Photos of New Gear from the 2010 Outdoor Retailer Show

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The first day was an outdoor demo at Lake Jordanelle, an impoundment east of Salt Lake. Getting off the bus, the first tent I found was occupied by Delorme, where, David DeVore showed me the new Earthmate GPS PN-60w, the world’s first handheld GPS with SPOT satellite communications.
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Stanley Thermos and hot water bottles were also there. They were giving away hot water bottles to anyone who could tell a good story about using one of their products.
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The beach was party central, with everyone trying out new kayaks, canoes, and surfboards.
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Diablo makes some awesome fishing kayaks.
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Osagian canoes had a neat square-stern camo canoe that can take a small outboard.
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Kelsyus, a tent maker I wasn’t familiar with, had a tent that sets up in less than a minute. Price for this 9×9-foot model was only $300.
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The next day, at the Salt Palace, I started making the rounds. The first highlight was a sleek hiking shoe from a three-year-old company, Oboz. This is called the Yellowstone, with “Be Dry” technology. The tread incorporates a map of the area. Price: $435 $145.

ORshow

Terra Nova is an English company that specializes in super lightweight, high-tech tents. This is the one-person Ultra 1, and it weighs 1 lb. 1 oz. -perfect for long hikes. Price – 7 bills.
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GSI makes a ton of backpacking accessories, from pots and pans to coffee makers.
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MountainSmith makes packs, sleeping bags, and some cool dog packs- put that puppy to work!
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A stable, well-thought-out fishing kayak from Hobie. It’s got ‘mirage drive,’ which means you peddle as well as paddle. A newer, two-person model was also on display. Price for that – $2700.
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I’ve always loved Lowa boots. They’re comfortable, stable, and they last. I’ve been beating up a pair of low-cut Renegades for two years; now they’ve got mid-sized Renegade GTXs with leather uppers. $210.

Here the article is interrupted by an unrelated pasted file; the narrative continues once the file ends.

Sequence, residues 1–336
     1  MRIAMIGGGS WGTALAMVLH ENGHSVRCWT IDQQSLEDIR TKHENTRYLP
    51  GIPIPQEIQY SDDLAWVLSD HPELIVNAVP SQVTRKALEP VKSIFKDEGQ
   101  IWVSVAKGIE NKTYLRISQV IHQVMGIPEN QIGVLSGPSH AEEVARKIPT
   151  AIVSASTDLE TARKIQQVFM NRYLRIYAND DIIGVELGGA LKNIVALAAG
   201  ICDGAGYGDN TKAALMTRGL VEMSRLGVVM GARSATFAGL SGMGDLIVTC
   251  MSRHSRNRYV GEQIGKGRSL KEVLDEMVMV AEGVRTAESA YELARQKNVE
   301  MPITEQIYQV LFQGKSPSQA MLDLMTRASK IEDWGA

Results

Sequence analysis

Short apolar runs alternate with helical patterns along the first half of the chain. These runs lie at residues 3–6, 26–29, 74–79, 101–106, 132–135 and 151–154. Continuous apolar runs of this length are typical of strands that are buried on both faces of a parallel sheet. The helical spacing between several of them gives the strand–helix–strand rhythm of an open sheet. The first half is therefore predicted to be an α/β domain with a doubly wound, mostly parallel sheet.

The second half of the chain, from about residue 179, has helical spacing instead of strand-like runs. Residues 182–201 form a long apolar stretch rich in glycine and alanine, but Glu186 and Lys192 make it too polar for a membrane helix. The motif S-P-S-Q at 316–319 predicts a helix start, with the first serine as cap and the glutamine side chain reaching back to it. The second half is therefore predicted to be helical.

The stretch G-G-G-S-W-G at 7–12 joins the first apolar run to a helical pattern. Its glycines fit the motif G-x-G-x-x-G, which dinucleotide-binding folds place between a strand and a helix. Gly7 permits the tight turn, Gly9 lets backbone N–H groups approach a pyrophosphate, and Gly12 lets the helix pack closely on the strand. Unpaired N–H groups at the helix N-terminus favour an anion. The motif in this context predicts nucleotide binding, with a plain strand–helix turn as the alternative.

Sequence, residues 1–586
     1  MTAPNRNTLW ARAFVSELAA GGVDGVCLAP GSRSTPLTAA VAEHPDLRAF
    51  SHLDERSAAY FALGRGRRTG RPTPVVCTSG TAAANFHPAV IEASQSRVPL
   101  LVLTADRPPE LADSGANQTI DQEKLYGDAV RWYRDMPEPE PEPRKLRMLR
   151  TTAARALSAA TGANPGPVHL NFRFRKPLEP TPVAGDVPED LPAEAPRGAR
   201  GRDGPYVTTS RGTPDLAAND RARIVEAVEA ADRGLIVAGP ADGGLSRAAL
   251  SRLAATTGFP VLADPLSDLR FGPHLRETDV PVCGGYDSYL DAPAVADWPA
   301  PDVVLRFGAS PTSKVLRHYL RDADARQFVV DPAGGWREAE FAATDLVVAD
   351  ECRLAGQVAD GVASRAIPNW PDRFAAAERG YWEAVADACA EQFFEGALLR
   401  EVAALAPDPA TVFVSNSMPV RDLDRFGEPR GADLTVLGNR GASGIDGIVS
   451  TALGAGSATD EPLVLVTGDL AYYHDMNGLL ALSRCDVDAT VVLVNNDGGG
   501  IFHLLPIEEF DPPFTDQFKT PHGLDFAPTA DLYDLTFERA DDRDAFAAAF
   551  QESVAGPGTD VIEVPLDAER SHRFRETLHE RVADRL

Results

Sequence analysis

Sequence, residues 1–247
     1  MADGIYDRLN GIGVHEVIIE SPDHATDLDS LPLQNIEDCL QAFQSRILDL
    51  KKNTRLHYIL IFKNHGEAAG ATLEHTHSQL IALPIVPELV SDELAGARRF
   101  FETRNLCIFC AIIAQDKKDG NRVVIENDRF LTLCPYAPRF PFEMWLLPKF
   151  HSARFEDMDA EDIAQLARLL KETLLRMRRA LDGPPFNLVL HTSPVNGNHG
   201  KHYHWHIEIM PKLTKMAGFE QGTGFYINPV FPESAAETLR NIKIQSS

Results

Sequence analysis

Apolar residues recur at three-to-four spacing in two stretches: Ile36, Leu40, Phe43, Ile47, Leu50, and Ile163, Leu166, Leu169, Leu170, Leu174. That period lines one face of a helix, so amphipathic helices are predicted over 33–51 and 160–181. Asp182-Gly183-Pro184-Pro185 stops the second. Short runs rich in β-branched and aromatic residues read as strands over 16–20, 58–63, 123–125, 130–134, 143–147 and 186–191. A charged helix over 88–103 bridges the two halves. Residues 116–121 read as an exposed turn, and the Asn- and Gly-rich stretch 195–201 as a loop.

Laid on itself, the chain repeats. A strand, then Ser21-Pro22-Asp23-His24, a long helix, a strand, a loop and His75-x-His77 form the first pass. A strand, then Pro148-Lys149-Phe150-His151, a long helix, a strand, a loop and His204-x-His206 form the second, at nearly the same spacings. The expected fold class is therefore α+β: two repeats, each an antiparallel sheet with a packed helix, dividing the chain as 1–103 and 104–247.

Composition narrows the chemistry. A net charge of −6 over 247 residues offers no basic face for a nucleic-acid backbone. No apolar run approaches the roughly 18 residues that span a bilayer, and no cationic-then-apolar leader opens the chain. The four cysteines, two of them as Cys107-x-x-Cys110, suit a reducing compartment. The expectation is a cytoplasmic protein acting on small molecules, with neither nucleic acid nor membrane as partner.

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At the Outdoor Research booth, I came upon this lightweight fishing hat. It’s called the SunShower Sombrero. OR is also sending me a BugNet Cap ($34) – I’ll test it and report back.
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MSR has revamped much of its tent line – and it’s all good. This is the Backcountry Barn – a roomy two-person tent that goes for $700. MSR also has a neat add-on vestibule that zips onto many of its tents.
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Primus, now part of Brunton, just came out with two new lightweight Titanium stoves – $60 and $80.
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Jordan Campbell shows off Marmot’s new Precip Jacket. Going for only $99, it’s lightweight, breathable, and water repellant.
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Gregory Packs has a Fushion LTS (load transfer system) in seven of its packs. The system includes a curved waistbelt and harness, a stabilized back panel, and a foam lumbar pad to transfer weight onto your hips. This is the Serrac 45, which sells for only $145.
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Over at Adventure Medical Kits, soon to be called SOL (Survive Outdoor Longer), the Origin Survival Tool has a compass, knife, LED flashlight, fire starter, signal mirror and rescue whistle, all in a watertight case. Weight? Only 6.1 oz.